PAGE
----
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Where and when to see spectacular starling murmurations

A starling murmuration photographed at sunset. Photo credit: Owen Humphreys/PA Wire
A starling murmuration photographed at sunset. Photo credit: Owen Humphreys/PA Wire

Time is running out to see one of Scotland’s most “incredible natural spectacles” — the winter aerial acrobatics of starling flocks.

The synchronised displays of starlings can contain potentially thousands of birds all flying in unison, painting incredible morphing shapes and patterns in the sky.

However, the peak period for seeing such displays, which are called murmurations, is swiftly coming to a close.

The best time of year to see the displays is between December and January, with the behaviour petering out in February.

Starlings are a common sight in gardens across the UK, and although individuals are beautiful by themselves, in huge numbers they are spectacular. Photo by Doreen Maclennan.

Here’s how you can see a starling show for yourself before the birds cease their regular displays until they start once again in October.

What time of day is best to see a starling murmuration?

The best time to go and see a starling murmuration is in the early evening throughout autumn and winter, according to the RSPB.

A murmuration of starlings near Gretna Green, in the south of Scotland. Photo credit: Owen Humphreys/PA Wire

The tiny birds join together in enormous flocks in the sky, swooping around usually at around sunset periods.

You can find out precisely when the sun is due to set in your particular location here.

After they’ve finished, they roost.

However, if you’re looking for a guaranteed display, you may be disappointed as the birds may not always murmurate.

Your best bet is to arrive at a location you think starlings could be well ahead of sunset to give yourself plenty of time to sit back and watch the show.

Where is best to see them?

A starling murmuration over power lines in the evening. Photo credit: Owen Humphreys/PA Wire.

Starlings can choose to roost anywhere, but the RSPB says they tend to prefer staying in places that are sheltered from harsh weather and predators.

Some areas they roost and are therefore good locations to see a murmuration include woodlands, reedbeds, cliffs, buildings, and industrial structures.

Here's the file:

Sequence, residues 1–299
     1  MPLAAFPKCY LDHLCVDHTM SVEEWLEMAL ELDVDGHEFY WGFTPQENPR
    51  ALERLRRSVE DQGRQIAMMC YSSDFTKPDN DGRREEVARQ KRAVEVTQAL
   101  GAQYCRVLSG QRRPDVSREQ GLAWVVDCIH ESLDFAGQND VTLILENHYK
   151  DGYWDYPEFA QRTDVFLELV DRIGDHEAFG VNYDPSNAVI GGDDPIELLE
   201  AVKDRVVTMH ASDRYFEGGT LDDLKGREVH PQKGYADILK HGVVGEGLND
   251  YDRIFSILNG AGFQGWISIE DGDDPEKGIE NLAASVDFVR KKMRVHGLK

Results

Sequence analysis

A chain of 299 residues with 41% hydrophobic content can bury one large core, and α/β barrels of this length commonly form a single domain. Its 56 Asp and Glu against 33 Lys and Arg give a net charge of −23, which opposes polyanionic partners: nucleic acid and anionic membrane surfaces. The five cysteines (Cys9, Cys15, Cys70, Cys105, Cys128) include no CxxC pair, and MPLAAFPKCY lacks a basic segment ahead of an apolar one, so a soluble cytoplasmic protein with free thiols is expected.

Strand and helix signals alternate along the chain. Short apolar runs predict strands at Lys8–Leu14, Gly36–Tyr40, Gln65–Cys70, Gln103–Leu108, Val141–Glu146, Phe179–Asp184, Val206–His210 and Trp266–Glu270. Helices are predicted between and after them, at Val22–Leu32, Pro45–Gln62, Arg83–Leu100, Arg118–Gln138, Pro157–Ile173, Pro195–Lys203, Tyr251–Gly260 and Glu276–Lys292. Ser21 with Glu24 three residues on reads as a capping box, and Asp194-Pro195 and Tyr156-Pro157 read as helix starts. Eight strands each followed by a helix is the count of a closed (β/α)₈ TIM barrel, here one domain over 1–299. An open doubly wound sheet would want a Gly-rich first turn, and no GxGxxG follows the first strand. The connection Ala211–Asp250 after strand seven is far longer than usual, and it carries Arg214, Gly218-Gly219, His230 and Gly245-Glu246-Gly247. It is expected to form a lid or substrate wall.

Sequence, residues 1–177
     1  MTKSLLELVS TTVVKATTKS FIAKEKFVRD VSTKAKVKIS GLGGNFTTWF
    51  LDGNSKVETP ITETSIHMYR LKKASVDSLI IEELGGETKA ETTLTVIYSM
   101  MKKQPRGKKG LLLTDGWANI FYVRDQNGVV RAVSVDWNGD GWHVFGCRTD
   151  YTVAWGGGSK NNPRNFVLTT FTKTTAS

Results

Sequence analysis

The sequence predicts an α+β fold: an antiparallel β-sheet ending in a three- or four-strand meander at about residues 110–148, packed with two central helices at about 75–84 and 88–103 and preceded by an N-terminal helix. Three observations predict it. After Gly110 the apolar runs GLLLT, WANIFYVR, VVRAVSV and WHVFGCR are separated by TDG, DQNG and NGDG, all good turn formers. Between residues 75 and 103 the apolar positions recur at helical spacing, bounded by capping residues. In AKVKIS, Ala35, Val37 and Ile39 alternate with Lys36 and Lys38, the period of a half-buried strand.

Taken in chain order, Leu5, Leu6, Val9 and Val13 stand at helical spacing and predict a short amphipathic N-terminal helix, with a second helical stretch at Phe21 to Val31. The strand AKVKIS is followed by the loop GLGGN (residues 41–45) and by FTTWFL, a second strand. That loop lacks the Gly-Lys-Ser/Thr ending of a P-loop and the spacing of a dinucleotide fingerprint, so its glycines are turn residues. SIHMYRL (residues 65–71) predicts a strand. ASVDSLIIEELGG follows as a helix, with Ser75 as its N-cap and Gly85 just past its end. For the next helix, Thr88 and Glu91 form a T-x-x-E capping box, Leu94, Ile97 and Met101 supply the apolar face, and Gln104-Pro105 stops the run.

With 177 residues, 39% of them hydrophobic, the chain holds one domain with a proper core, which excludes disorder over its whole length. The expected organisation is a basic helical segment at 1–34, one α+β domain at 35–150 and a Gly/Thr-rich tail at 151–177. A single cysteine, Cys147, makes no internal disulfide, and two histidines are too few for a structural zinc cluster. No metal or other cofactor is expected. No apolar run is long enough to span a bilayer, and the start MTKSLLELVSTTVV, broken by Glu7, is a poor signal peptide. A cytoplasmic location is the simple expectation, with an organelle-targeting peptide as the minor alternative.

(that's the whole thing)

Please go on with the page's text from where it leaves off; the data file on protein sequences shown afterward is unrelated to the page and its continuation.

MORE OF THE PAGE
RSPB Scotland says its Mersehead nature reserve in Dumfries and Galloway is one of the best places in the country to spot a murmuration.

But if you’re looking for roosting sites closer to home, the Starlings In The UK website has maps of where people have reported roosting sites. 

Why do starlings put on these murmuration displays?

There are a number of reasons starlings take part in murmurations.

One hypothesis is that by grouping up together in such enormous flocks and flying in such a hypnotising manner, this can protect from predators, who may find it more difficult to single out individual birds in such confusing, overwhelming displays.

Another is that in chilly winters, thousands of starlings getting together can help to keep them warm, and they can also be used to exchange information.

Spectacular displays mask ‘worrying declines’

Starlings are in decline across the UK.

Although murmurations can contain thousands and thousands of birds, starling populations are in a lot of trouble in the UK.

They have a red UK conservation status according to the RSPB, and numbers are dropping across the country.

A spokesman for the RSPB said: “Starlings are one of our most common garden birds, being the second most counted bird in Scotland during last year’s Big Garden Birdwatch.

“However, they are facing worrying declines with the UK population having declined by around 80% since the Birdwatch began in 1979.

“This is due to a whole host of reasons including harmful farm chemicals, a decline in nesting sites, and loss of habitat all across the UK.”

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